Christmas in the Croatian capital: why Zagreb should be your next festive trip

From its markets to its medieval centre, the streets and squares of Croatia's capital sparkle with festive cheer. Here's why you should be planning a long weekend in Zagreb this Christmas.

Head to one of Zagreb’s squares — Ban Jelačić, St Marks’s or King Tomislav — and you’ll be surrounded by Christmas tees festooned in thousands of fairy lights.

Photograph by Julien Duval
By Zagreb Tourist Board
Published 11 Nov 2021, 17:40 GMT

If you’ve never considered heading to Croatia for Christmas, you’re missing a trick. During advent, Zagreb becomes a full-on winter wonderland, with frosty temperatures and plenty of festive sparkle in its parks, plazas and medieval centre. Sip kuhano vino (mulled wine) while wandering around the markets, where you might spot colourful wooden toys, exquisitely handcrafted in the country’s remote hills according to traditions handed down over generations.

Croatia for Christmas markets? Don’t you mean Germany?

Zagreb beat Germany at its own yuletide game when it topped European Best Destinations’ Best Christmas Markets charts in 2016, 2017 and 2018. Why? Look around. Come advent, a festive wand is waved to light up the Croatian capital. Besides a sprinkling of Christmas markets, you’ll find events full of seasonal cheer, from craft workshops to concerts and carolling. All this plays out against the dashingly handsome, historic backdrop of the Lower and Upper Towns, with architectural wonders like the city’s twin-spired gothic cathedral. 

Advent, you say? 

That’s right. The Christmas markets get into full swing from the last weekend of November until 7 January. Even with Covid-19, you needn’t worry about crowds being an issue, as the markets are well spaced — and if one gets too busy, you can simply wander across to the next. 

Sold. So what shouldn’t I miss? 

Head to one of Zagreb’s squares — Ban Jelačić, St Marks’s or King Tomislav — and you’ll be surrounded by Christmas tees festooned in thousands of fairy lights and loomed over by enormous festive ornaments, each 10ft tall. Wooden cabins sell handcrafted decorations, toys and gifts, all to the merry soundtrack of local brass bands. Alternatively, walk to Upper Town, where views from the Strossmayer Promenade stretch out across the twinkling city.

The Christmas markets get into full swing from the last weekend of November until 7 January.

Photograph by Julien Duval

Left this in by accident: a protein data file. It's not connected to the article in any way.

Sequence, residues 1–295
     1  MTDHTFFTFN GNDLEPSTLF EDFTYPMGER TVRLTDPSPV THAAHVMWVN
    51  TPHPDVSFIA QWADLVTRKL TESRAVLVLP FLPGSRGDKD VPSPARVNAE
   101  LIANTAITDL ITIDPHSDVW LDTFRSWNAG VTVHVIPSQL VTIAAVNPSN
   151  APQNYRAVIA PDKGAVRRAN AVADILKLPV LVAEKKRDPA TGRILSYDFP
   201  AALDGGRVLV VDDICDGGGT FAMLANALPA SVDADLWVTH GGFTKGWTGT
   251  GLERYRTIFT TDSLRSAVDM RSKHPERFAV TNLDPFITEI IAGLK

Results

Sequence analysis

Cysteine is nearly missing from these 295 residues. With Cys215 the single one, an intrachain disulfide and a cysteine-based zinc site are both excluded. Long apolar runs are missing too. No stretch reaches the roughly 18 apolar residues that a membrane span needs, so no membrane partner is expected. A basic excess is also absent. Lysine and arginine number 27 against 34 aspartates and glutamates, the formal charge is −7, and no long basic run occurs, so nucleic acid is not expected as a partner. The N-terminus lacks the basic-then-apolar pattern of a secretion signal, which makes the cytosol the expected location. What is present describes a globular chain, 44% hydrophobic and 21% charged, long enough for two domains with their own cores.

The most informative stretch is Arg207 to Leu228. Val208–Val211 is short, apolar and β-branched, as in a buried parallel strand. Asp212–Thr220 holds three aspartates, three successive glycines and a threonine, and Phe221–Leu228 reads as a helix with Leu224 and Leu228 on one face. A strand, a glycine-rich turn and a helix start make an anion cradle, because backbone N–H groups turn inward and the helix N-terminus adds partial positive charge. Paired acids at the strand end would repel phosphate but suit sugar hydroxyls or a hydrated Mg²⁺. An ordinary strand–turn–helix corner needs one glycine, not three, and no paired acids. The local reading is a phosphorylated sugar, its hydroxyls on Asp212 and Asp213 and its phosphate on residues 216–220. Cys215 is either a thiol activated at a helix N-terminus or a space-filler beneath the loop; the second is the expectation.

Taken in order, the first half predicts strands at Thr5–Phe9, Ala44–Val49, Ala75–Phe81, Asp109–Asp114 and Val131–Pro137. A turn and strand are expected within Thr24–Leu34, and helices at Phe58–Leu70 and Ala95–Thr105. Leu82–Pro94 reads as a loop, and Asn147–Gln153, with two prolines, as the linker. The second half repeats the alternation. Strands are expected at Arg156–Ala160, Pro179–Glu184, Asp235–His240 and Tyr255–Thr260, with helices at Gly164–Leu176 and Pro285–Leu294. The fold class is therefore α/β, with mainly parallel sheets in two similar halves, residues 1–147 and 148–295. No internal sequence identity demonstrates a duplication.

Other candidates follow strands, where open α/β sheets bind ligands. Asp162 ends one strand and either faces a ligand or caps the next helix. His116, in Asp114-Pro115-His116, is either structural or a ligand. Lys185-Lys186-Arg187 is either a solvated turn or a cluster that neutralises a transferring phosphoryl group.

I’m hungry. What’s there to eat?

Nibble on hot chestnuts, sugar-dusted fritule (fritters) and festive cookies like honey-and-pepper-flavoured paprenjaci (Croatia’s riff on gingerbread), all of which you'll find all over the city. Kuhano vino (mulled wine) is another must-try, and comes in both red and, lighter, sweeter, white varieties.

What’s the deal with licitars?

You’ll see these bright-red, elaborately decorated honey-dough cookies hanging from Christmas trees. These Unesco World Heritage-listed sweets are pretty special, actually, hailing originally from Northern Croatia and with a tradition rooted in the medieval craft of gingerbread making at monasteries. These beautifully painted, iced cookies are most commonly shaped like hearts, but you’ll also find horses, trees, birds, mushrooms, wreaths, stars and other naturalistic motifs. Perfect stocking-filler material? You bet.

What else should I be buying?

Intricately handcrafted and painted wooden toys from Hrvatsko Zagorje region. Traditional tools are used to whittle soft maple, willow, beech and lime into form. The toys are then painted in red, yellow, blue, white and black, and decorated with a floral or geometric flourish. The toys range from horses, birds and spinning dancers to doll’s house furniture and simple instruments. Some are pushed along on wheels or by stick.

Zagreb's beautiful national theatre is a Baroque masterpiece; shows run all year-round, from ballet to opera.

Photograph by Julien Duval

Three wooden toys to look out for at Zagreb's markets

1. Horses
Mounted on wheels, the wood-carved horses from Hrvatsko Zagorje are a toy-box classic. Some are embellished with folk motifs like flowers, leaves and hearts.

2. Birds
All kids love klepetaljka, birds that clap their wings when they are pushed along by stick.

3. Instruments
Keep an eye out for the brightly painted jedinke (one-pipe whistle), žvegla (flute) and tamburica (a stringed, lute-like instrument used in Croatian folk music)

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